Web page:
A Travellerspoint blog

Riverside private bird tour & Saganashkee Slough, Part 2

Cook County, IL

semi-overcast 75 °F

Tuesday morning I gave a private guided tour to a wonderful birder named Stephany and her mom in Riverside, a few suburbs down the street from Oak Park. We started off with a bunch of YELLOW-RUMPED and this single ORANGE-CROWNED WARBLER which was nice:


A bend in the Des Plaines River held some more water-related species like KILLDEER:


And the surprise of the day was these two female COMMON MERGANSERS roosting on a rock in the middle of the torrent. Not only is it early for this species, but it is an odd location as the Des Plaines isn’t particularly wide (and presumably not too deep) here.

First-year WHITE-CROWNED SPARROW lacking the white of an adult:

My favorite passerine of the walk was this lively WINTER WREN:

It was a great, enjoyable walk! Yesterday, after my dad came back with the car, I hopped in and drove back down to the Palos region — specifically Saganashkee Slough, to hopefully find the Red-necked Grebes I had missed there this past weekend. This would be a photographic life bird AND an Illinois lifer if seen!

RUSTY BLACKBIRD along the shore of the slough:

Grebes — but they were PIED-BILLED:

And then, I saw them. Two long-necked, large grebes with dagger-like bills and buffy necks. Hell yeah! My almost-lifer RED-NECKED GREBES! The only other one I’ve seen was from a distance on the coast of Long Island two winters ago.

After a successful twitch, I headed over to the nearby location where Oliver, Simon, and Peter had their beautiful Eastern Milksnake last saturday. I felt like I’d give it one last shot since it would be the last over-70-degree day of the year. Here is what the crazy habitat looked like — lots of rocks to flip for certain, I definitely didn’t flip them all, but flipped well into the hundreds today!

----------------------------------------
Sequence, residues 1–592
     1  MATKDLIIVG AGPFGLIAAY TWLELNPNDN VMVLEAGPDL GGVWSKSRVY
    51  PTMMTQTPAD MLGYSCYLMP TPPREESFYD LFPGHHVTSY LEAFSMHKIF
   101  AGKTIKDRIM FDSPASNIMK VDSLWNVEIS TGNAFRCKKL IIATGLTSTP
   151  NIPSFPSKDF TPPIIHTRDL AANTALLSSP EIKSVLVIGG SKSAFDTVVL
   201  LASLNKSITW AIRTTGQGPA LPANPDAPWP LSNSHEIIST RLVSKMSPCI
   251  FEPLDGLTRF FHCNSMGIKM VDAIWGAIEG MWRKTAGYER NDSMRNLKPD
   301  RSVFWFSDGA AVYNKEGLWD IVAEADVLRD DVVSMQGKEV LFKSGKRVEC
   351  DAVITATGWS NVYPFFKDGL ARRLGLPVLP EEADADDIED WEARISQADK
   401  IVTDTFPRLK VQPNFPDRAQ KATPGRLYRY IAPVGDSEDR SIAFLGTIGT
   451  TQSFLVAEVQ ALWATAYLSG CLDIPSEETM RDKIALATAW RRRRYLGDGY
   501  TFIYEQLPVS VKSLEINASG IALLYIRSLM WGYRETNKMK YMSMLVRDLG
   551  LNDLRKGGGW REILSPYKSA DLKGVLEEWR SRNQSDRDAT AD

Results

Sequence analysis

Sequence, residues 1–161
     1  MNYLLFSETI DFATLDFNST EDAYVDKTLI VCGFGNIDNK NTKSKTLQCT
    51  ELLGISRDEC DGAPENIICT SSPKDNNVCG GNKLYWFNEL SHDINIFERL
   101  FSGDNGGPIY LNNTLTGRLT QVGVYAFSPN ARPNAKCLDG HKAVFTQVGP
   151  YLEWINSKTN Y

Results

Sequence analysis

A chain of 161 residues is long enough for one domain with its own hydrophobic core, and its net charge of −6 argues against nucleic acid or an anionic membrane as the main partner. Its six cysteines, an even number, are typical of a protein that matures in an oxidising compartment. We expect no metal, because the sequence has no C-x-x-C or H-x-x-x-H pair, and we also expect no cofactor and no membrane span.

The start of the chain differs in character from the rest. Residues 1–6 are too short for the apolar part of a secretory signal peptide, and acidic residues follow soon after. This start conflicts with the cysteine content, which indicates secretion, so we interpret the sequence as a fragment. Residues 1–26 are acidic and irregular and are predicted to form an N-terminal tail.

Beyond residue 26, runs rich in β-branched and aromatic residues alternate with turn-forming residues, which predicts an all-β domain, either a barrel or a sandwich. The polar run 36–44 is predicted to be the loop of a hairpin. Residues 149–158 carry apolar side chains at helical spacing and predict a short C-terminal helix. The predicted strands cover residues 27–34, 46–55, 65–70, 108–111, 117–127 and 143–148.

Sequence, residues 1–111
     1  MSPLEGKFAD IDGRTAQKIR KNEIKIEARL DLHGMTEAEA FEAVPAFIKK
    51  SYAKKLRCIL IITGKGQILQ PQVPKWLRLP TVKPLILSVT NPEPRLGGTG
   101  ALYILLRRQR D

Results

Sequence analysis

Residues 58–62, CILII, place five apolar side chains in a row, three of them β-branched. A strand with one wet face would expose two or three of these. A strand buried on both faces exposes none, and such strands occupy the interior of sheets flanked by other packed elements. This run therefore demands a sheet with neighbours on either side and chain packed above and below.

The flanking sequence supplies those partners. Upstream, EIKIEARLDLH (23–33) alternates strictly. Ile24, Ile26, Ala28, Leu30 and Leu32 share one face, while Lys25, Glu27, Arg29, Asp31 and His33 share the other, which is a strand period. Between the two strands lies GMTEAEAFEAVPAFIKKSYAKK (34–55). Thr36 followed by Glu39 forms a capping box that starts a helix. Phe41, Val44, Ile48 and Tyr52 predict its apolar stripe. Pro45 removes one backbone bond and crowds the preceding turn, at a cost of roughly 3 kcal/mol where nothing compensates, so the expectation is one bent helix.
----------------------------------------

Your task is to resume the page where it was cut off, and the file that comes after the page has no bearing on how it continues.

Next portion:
Welp, I didn’t get a single snake of any kind (cmon, not even a Garter?!) but on the way back I did catch this mid-sized American Bullfrog:

Next, I explored some rocky ravines in hopes of discovering some salamander populations, but unfortunately came up empty with only some earthworms, slugs, and this Green Frog (which still is a good indicator species for ravine habitats). The Palos preserves have a lot of “unexplored” woodland that has great potential for finding herps — for the rest of the year, snakes will be harder to come by though, and I am expecting to focus more on salamanders (in addition to birds, of course).

Bird-of-the-day to the Red-necked Grebes with runner-up to the Rusty Blackbird. A very successful birding trip, even if the herping was dead. STAY TUNED: this weekend I head to southern Illinois with family for a three-day camping trip. Herping targets will include: Black Kingsnake, Northern Cottonmouth, Northern Dusky, Spotted Dusky, Marbled, Zigzag, Northern Slimy, and Mole Salamander. We’ll see how it goes!

Good birding,
World Life List: 1120 Species

Posted by skwclar 22:23 Archived in USA

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and now I remember the immature White crowned sparrow look. thats what it was , it was in the yard yesterday. Thanks for the educational sharing

by stephen fluett

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